. At the transmitter side, the input serial data stream is first converted into multiple parallel data streams through a serial-to-parallel convertor, each of which is then mapped onto the corresponding information symbols for the subcarriers through the function block of modulation/symbol mapping. The parallel data streams are modulated onto orthogonal subcarriers and converted to the time-domain signals by applying the inversed discrete Fourier transform (IDFT). The output signal is then converted into an analog format by digital/analog (D/A) convertors and filtered with a low-pass filter (LPF). Finally, the converted analog baseband signal is up-converted with an in-phase/quadrature (I/Q) modulator onto a local optical transmitter. At the receiver side, the coherent detection is processed to demodulate the O-OFDM optical signal from the optical carrier with an optical I/O demodulator. The demodulated O-OFDM signal is converted to a digital format via an A/D convertor, which then sequentially passes a DFT and a data symbol decision module for synchronization, channel estimation, and compensation before making a symbol decision. Finally, multiple bit streams are converted back to a single data stream by parallel-to-serial convertor.
Diagram blocks of O-OFDM transmission system: a) O-OFDM transmitter; b) O-OFDM receiver 
shows the architecture of an elastic optical network using the O-OFDM switching technology. Each of the four bandwidth variable wavelength cross connect (BV-WXC) nodes
adopts a bandwidth variable wavelength selective switch (BV-WSS), such that a cross-connection in each BV-WXC node with flexibly selected spectrum bandwidth can be switched by grouping multiple adjacent spectrum granularities.
Architecture of elastic O-OFDM optical network 
4. O-OFDM DCNs: Operation and Solutions
Witnessing the numerous merits by adopting the O-OFDM switching technology to build the core of DCNs, we provide more in-depth descriptions on the datacenter-oriented O-OFDM optical networks in the following four aspects: (1) interconnection architecture, (2) routing and resource assignment, (3) network survivability, and (4) energy-efficiency.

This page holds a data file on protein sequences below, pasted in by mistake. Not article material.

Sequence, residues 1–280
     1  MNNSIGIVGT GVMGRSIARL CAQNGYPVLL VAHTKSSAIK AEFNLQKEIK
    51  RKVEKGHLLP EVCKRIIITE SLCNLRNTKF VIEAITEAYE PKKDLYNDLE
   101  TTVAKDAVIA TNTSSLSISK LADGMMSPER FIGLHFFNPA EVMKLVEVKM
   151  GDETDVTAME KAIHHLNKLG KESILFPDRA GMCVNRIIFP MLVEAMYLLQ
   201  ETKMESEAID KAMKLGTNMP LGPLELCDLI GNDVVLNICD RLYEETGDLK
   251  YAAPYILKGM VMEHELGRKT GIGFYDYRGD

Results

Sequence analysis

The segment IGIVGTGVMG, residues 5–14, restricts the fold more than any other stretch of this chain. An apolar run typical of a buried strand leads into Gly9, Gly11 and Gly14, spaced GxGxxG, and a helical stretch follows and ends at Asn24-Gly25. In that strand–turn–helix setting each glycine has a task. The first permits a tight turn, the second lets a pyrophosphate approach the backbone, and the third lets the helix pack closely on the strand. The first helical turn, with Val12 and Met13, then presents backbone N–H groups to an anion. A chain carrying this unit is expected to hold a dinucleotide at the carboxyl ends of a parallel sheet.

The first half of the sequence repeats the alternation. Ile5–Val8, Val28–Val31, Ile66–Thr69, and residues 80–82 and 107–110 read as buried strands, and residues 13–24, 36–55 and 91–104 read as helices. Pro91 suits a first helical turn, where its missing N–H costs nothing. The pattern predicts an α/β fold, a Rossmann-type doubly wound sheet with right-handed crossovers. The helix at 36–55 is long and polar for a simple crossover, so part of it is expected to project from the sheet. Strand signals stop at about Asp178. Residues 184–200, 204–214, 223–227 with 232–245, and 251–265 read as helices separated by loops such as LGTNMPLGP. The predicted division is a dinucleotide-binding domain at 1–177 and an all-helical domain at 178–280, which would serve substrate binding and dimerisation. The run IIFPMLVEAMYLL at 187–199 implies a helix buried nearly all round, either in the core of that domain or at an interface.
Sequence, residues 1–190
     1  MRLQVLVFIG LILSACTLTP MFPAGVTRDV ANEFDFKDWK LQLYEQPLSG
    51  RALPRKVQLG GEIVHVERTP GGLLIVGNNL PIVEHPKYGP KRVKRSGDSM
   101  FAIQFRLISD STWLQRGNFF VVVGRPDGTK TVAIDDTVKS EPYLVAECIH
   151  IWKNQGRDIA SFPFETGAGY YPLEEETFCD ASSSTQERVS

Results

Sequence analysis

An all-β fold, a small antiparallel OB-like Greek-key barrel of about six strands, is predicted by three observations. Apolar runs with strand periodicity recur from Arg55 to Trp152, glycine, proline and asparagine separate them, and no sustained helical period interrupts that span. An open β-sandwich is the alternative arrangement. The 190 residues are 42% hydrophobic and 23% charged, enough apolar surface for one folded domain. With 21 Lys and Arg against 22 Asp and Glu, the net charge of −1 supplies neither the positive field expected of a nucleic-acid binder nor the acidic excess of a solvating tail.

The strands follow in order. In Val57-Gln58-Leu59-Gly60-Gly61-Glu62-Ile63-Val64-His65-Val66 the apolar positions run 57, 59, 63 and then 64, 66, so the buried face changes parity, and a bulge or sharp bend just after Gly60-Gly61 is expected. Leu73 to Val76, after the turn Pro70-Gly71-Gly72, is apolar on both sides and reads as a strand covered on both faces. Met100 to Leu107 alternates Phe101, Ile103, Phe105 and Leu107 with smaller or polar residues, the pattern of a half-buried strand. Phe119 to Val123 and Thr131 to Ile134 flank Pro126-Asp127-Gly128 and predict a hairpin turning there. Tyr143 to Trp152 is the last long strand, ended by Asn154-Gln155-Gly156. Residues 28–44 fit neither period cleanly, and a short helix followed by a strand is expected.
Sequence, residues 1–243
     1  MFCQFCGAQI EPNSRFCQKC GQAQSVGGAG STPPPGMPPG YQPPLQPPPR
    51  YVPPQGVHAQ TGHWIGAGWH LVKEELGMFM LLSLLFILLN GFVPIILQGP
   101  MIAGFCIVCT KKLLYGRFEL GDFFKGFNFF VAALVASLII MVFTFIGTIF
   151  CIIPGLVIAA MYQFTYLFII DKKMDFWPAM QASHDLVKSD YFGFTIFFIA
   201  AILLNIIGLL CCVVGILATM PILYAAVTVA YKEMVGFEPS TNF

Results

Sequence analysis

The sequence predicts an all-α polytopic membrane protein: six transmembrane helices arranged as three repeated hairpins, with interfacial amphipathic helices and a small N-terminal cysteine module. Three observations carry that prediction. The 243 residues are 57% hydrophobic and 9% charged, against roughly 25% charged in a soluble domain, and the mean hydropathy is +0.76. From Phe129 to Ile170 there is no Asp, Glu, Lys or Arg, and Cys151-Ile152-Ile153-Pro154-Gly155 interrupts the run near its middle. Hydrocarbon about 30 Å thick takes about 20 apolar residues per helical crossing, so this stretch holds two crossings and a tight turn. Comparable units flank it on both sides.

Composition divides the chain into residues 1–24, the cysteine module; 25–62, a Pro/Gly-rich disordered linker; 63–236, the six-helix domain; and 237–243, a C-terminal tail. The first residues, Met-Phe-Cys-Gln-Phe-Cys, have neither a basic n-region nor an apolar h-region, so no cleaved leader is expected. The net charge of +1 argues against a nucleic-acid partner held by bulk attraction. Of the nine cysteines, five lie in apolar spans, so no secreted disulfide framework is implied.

- 4.1 Interconnection Architecture
As a cost-effective and scalable alternative to the all-optical DCN architectures using large-scale optical switches, we can employ multiple small-and-fast optical switching fabrics to build a large-scale DCN where the pods are interconnected via multi-hop communications. With this, a flattened two-layer architecture is formed, where the pods and the core optical switches are treated in separate layers. Each pod is directly connected to one or more optical core switches via short-reach interfaces, and the core switches are interconnected with each other in a more complex manner (e.g., meshed topology), such that each pod can reach another via multiple hops of core switches.
shows an example of the two-layer flattened DCN architecture composed of an upper O-OFDM optical network layer and a lower pod layer. The numbers of O-OFDM switch nodes and pods are the same, and a typical architecture of a O-OFDM switch node consists of a BV-WXC-based (as shown in
) reconfigurable optical add/drop multiplexer (ROADM), a pair of coherent transceiver, and
pairs of input and output fibers (